Skip to main content

Advanced Search

Advanced Search

Current Filters

Filter your query

Publication Types



Newsletter Article


Senate Democrats Accuse Aetna of Retaliating with Exchange Exits

By Jad Chamseddine, CQ Roll Call

September 9, 2016 -- Sen. Elizabeth Warren of Massachusetts and other Democrats, in a letter to Aetna Inc. CEO Mark Bertolini, accuse the health insurer of deciding to pull out of 11 health care exchanges in retaliation for a Justice Department (DOJ) lawsuit to block Aetna's acquisition of Humana Inc.

Warren was joined by fellow Senate Democrats Edward J. Markey of Massachusetts, Sherrod Brown of Ohio and Bill Nelson of Florida, as well as independent Sen. Bernie Sanders of Vermont in her letter to Bertolini. Warren said Aetna's departure from the health law's exchanges appears "to have been motivated" by the government's lawsuit against the proposed $37 billion merger.

The letter writers back the Justice Department in its suit to block the health care insurance merger, arguing many experts predict the transaction would "harm competition in the health insurance market and negatively impact the cost and quality of health care."

Aetna announced last month it was withdrawing from 11 state-based exchanges citing financial losses. The company at the time said it had lost about $430 million since 2014.

Aetna's announcement came about a month after the Justice Department said it was filing suit in federal court to prevent Aetna and Humana from combining their companies. The decision to enjoin the companies from merging their assets was part of a larger plan to keep the health care insurance market competitive as the Justice Department announced it was also blocking Anthem Inc. from buying Cigna Corp. on the same day.

Warren was one of the first lawmakers to publicly air her anger at Aetna for leaving the exchanges. She made the comments in a Facebook post on Aug. 11, accusing the insurer of retaliating against the government's suit. Now in the letter, she expounds on that theory and said antitrust concerns raised by the merger between Aetna and Humana were "widely anticipated" and should not have come as a surprise to Aetna.

"Despite the risk that the merger would not be approved, Aetna agreed to pay Humana a break-up fee of $1 billion in the event that the acquisition was not completed" by Dec. 31, Warren and the other senators said in the letter. They argue it proves Aetna's lawyers knew the deal would raise issues with regulators and on Capitol Hill.

But, the senators continue, paying $1 billion to Humana, in addition to the merger-related expenses, could become a significant burden on Aetna, which until the spring of 2016 remained committed to its presence in all 15 exchanges.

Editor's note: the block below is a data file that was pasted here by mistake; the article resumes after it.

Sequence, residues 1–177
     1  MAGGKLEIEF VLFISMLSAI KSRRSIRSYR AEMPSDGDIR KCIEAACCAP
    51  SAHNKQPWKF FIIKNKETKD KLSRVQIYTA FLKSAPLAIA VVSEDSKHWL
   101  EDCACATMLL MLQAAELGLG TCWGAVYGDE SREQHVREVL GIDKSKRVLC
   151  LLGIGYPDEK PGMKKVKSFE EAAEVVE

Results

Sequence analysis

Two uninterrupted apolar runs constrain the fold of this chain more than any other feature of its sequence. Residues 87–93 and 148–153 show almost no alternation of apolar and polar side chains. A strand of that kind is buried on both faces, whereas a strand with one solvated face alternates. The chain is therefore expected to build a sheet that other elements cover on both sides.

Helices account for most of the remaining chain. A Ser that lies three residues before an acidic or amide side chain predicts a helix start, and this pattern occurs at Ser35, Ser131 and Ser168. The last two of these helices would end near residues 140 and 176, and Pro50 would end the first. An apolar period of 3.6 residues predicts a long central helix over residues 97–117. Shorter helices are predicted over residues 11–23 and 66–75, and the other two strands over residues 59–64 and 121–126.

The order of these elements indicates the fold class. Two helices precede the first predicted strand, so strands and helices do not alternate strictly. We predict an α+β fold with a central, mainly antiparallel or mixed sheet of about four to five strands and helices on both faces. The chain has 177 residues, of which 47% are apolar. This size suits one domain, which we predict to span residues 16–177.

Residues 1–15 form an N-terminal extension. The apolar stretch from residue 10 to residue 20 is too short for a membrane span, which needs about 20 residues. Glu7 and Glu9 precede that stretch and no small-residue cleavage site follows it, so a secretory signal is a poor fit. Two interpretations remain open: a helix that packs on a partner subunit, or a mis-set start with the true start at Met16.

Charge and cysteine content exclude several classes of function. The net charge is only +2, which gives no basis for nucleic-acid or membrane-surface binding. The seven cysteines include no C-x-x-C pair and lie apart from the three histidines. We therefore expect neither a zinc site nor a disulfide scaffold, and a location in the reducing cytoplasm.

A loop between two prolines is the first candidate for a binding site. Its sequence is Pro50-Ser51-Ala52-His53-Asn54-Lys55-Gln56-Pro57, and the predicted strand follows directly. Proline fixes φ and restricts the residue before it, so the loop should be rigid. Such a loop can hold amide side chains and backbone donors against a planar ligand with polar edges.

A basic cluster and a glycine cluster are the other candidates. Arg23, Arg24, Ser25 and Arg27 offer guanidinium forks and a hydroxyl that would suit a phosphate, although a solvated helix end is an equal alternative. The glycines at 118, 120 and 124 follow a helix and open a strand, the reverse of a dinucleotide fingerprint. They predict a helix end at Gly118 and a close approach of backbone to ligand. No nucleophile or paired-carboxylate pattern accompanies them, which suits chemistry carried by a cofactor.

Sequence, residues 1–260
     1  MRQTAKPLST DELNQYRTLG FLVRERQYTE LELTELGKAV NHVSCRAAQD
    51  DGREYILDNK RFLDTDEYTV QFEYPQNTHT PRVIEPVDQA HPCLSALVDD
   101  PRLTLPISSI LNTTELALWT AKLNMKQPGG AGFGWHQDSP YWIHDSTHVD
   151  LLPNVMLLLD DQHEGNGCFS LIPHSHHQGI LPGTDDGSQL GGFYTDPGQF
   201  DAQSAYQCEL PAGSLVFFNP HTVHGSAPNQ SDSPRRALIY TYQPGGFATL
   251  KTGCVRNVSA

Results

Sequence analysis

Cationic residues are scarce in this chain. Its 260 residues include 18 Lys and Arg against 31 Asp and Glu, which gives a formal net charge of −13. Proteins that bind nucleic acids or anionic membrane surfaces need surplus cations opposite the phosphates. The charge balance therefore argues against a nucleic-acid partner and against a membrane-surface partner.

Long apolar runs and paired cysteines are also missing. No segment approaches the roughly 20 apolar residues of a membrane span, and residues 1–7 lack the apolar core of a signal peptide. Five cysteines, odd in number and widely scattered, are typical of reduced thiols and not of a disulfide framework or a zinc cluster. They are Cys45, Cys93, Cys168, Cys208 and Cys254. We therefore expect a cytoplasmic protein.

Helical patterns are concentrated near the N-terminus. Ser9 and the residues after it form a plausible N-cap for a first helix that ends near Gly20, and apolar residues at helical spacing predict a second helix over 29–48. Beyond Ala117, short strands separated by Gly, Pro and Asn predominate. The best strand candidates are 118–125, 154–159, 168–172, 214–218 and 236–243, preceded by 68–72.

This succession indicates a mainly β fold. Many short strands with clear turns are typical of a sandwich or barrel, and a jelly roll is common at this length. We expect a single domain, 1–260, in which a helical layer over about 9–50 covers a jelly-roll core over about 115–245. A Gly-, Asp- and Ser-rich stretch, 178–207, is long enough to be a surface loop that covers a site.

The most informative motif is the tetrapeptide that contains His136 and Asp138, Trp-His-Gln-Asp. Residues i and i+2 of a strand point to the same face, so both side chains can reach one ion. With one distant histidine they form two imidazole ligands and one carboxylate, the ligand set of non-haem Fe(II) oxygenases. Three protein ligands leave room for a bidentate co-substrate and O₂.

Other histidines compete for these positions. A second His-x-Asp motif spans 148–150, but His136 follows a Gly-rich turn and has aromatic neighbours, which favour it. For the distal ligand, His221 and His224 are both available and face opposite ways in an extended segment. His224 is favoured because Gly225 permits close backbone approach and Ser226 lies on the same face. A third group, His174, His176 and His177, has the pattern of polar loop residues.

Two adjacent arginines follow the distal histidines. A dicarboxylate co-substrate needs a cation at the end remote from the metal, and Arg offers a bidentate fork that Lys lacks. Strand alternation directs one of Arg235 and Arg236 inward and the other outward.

It was not until meetings with the Justice Department in April and May led Aetna to believe the government would probably block the transaction. The letter cites different instances in which Aetna told investors during earnings calls in 2015 and early 2016 its role in the exchanges was a "good investment" and that it was looking to expand to other states while also working with the Obama administration and lawmakers to keep the program functioning properly.

This all changed, the letter says, when the Justice Department "began to raise questions about the merger," leading Aetna to "change its tune."

The health insurer told the Justice Department in a letter in early July it "expressly conditions its continued participation in the public exchanges" on the DOJ's approval of the deal with Humana, arguing that without adding Humana's assets it would hurt Aetna's financials and it would be forced to "immediately take action to reduce" its footprint.

"Aetna's decision regarding its participation in the ACA exchanges appears to be an effort to pressure the Justice Department into approving a merger that the Department alleged violates antitrust law and has the potential to significantly harm consumers all across the country," the letter says.

The letter from Bertolini explaining the insurer would have to leave the exchanges if the transaction is blocked was compelled from the company during a civil investigative demand for documents and information by the Justice Department asking Aetna to explain the consequences if the deal is blocked.

But this narrative was immediately rejected by Aetna. In a statement to CQ Roll Call, T.J. Crawford, an Aetna spokesman, points to the fact many insurers, "large and small," were forced to reduce their public exchange participation, with more than 40 companies leaving certain geographic areas.

"Singling Aetna out may be politically convenient during election season, but this letter ignores realities and takes the focus away from needed reforms," Crawford said. "The ACA is not sustainable without bipartisan action that improves access, affordability and quality of care for consumers."

Aetna has offered to settle with the government out of court by agreeing to sell $117 million worth of Medicare Advantage assets to Molina Healthcare Inc. in early August. But the Justice Department had already rejected similar proposals by the health care insurer, saying in its complaint with the district court that "divesting bits and pieces to smaller insurers" wouldn't be enough to maintain competitive vigor in the health insurance industry.

The case is set to go to trial in the U.S. District Court for the District of Columbia on Dec. 5 with District Court Judge John Bates presiding over the case. Aetna asked the court in late July to hear the case sometime in the fall, but did not specify a date. Aetna was pushing for an aggressive pretrial schedule because Humana can walk away from the transaction by the end of December, a possibility Humana executives have alluded to.

Publication Details